S. Michael Hudson recently retired as vice chairman of Rolls-Royce North America. After Allison Engine Company was acquired by Rolls-Royce, Mr. Hudson served as president, chief executive officer, chief operating officer and a member of the board of directors of Allison Engine Company, Inc. Previously, during his tenure at Allison, he served as executive vice president for engineering, chief engineer for advanced technology engines, chief engineer for small production engines, supervisor of the design for Model 250 engines, chief of preliminary design and chief project engineer in vehicular gas turbines. Mr. Hudson brings insight into propulsion engineering issues, related business issues, and the European perspective on aviation issues. He has served on a number of NRC committees including the Vehicle Systems Panel of the NRC review of NASA’s Revolutionize Aviation Program.
Donald L. Johnson (NAE) retired as vice president for product and process technology at the Grain Processing Corporation in July 2000. GPC is a major corn refiner producing grain alcohol, food and industrial starch products and conversion syrups. He was responsible for finding, analyzing, developing, and implementing new carbohydrate products and process technologies. Dr. Johnson has 35 years of broad-based business, management, and research experience in the commercial application of carbohydrate chemistry, biotechnology, food science, water-soluble polymers, adhesives, and surface active materials. Prior to joining GPC in 1987, he directed research departments at the A. E. Staley Manufacturing Company, where his responsibilities included developing products and designing and implementing strategies to support a major new chemicals-from-carbohydrate business. Dr. Johnson has authored or co-authored thirteen patents as well as numerous technical publications and presentations regarding production of foods and chemicals from renewable resources. He was elected to the National Academy of Engineering in 1993 and has served on numerous NAS boards and committees. He received the doctor of science degree in chemical engineering from Washington University, St. Louis, in 1966.
Thomas Kurfess is a professor at Georgia Institute of Technology in the George W. Woodruff School of Mechanical Engineering, where he started in 1994. He previously served at Carnegie Mellon University. Dr. Kurfess specializes in system dynamics and control of precision grinding systems that involve the development and implementation of adaptive controllers for precision grinding operations. The results of his work are used in a number of industrial environments. He has received numerous awards including the Georgia Tech Outstanding Faculty Leadership award for the Development of Graduate Research Assistants in 2002 and the American Society of Mechanical Engineers Blackall Machine Tool and Gage Award in 2001. He is a Registered Professional Engineer in Pennsylvania and is associate editor, Journal of Dynamic Systems,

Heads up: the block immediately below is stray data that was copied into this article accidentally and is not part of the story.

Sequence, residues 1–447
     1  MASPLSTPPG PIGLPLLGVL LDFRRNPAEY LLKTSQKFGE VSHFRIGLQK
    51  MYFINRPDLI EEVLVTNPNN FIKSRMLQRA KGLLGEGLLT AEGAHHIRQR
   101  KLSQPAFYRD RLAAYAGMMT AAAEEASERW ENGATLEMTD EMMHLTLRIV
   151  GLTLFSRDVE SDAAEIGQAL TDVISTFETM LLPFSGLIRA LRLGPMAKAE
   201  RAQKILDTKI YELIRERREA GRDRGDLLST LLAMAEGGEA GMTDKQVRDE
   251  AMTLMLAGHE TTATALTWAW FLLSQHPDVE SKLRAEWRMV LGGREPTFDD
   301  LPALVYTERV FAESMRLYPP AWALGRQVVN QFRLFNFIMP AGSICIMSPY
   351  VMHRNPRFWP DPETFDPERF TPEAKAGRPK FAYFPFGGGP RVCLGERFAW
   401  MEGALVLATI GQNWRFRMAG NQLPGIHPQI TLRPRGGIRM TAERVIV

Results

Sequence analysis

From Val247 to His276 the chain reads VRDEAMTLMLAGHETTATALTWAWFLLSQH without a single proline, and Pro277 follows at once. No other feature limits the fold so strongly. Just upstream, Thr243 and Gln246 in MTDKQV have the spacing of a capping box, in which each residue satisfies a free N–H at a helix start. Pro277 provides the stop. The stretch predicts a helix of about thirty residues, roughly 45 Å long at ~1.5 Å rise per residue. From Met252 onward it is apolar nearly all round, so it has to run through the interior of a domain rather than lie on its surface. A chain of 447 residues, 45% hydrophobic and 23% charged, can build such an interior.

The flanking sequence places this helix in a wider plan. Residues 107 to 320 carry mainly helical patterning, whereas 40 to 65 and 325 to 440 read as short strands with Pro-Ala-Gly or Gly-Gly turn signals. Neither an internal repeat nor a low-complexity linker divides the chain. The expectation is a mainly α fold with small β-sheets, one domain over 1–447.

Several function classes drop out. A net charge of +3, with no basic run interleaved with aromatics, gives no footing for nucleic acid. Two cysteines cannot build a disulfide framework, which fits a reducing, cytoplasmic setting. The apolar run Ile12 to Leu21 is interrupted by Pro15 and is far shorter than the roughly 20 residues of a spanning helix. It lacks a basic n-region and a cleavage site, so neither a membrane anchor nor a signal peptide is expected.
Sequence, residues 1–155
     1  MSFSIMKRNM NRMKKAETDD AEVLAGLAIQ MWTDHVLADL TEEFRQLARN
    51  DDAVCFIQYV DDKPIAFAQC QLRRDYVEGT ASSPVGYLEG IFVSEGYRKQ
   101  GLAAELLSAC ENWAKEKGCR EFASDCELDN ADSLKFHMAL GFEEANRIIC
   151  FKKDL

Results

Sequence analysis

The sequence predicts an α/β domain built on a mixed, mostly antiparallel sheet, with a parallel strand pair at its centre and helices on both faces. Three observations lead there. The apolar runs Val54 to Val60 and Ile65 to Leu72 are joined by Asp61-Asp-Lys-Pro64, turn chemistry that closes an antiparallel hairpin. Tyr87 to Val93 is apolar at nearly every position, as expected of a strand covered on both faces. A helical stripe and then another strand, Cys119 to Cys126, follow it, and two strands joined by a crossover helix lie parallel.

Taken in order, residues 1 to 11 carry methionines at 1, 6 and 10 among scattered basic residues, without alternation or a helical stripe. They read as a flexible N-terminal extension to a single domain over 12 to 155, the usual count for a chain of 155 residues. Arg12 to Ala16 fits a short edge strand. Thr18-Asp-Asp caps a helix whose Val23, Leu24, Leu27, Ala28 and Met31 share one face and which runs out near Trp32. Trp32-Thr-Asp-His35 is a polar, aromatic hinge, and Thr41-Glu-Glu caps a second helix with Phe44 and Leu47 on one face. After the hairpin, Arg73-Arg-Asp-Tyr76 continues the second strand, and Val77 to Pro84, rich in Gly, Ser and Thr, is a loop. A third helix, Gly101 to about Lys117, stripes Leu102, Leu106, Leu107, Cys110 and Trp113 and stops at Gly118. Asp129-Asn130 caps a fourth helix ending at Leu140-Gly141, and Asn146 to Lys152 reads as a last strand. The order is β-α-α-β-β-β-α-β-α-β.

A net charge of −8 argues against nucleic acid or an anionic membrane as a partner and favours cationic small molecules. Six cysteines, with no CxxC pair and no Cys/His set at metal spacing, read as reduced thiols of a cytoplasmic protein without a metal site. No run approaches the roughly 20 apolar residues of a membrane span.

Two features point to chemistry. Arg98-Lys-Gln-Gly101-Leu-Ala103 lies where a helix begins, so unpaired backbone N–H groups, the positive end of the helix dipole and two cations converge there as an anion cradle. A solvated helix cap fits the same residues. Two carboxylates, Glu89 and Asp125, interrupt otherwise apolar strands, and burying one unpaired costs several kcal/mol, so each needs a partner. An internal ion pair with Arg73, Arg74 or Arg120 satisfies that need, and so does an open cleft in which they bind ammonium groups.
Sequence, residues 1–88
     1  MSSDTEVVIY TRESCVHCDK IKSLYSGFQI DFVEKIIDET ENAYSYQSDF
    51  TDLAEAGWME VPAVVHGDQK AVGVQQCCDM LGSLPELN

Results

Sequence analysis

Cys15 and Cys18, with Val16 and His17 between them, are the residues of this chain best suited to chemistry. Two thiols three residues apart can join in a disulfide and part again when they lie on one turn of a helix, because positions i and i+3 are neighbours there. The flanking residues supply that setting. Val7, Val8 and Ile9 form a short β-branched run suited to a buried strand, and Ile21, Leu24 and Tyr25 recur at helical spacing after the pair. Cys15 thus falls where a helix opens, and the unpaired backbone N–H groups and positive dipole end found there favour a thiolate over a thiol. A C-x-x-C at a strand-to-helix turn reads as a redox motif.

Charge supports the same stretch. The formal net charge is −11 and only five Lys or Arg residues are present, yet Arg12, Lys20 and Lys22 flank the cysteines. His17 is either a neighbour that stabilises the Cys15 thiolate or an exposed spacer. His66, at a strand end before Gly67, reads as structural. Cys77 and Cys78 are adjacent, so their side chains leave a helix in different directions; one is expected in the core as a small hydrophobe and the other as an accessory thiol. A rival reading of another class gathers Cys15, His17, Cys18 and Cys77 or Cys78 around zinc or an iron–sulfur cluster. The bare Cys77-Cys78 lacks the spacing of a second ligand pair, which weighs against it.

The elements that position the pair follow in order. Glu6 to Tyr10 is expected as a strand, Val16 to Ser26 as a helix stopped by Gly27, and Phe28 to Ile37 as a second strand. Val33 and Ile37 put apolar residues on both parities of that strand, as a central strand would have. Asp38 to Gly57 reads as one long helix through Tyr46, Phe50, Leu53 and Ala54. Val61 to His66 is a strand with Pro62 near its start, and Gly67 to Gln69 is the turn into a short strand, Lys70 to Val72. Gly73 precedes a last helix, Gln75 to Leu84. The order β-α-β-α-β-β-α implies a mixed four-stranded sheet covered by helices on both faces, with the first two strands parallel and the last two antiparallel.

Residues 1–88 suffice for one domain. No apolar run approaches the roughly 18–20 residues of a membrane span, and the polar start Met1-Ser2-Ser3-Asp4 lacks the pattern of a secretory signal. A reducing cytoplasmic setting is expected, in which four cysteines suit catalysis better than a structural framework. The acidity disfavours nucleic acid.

Measurement, and Control and Journal of Manufacturing Systems. Dr. Kurfess received his four degrees from the Massachusetts Institute of Technology, culminating with a PhD in 1989.
David M. Mann directs the activities of the Army Research Office’s Mechanical and Environmental Sciences Division. During 1991, he served as the acting director of the Engineering Sciences Directorate. In that capacity, he was responsible for oversight of the Army Research Office’s $28 million basic research programs in mathematics and computer sciences, electronics, and mechanics and environmental sciences. Dr. Mann currently directs the ARO basic research program in combustion and propulsion sciences. The program focuses on three major areas: combustion processes in engines (primarily diesels and gas turbines); combustion of solid and liquid gun and rocket propellants, and the internal ballistics of gun and rocket systems; and energetic materials hazards (the processes leading to the inadvertent ignition of propellants and explosives). He manages major, DoD-funded programs in diesel and gas turbine research and research programs for the Ballistic Missile Defense Organization. Dr. Mann has served on the staffs of the Office of the Undersecretary of Defense for Research and Engineering and the Assistant Secretary of the Army for Research, Development and Acquisition, with responsibilities for coordinating basic research programs within the Department of Defense and Department of the Army.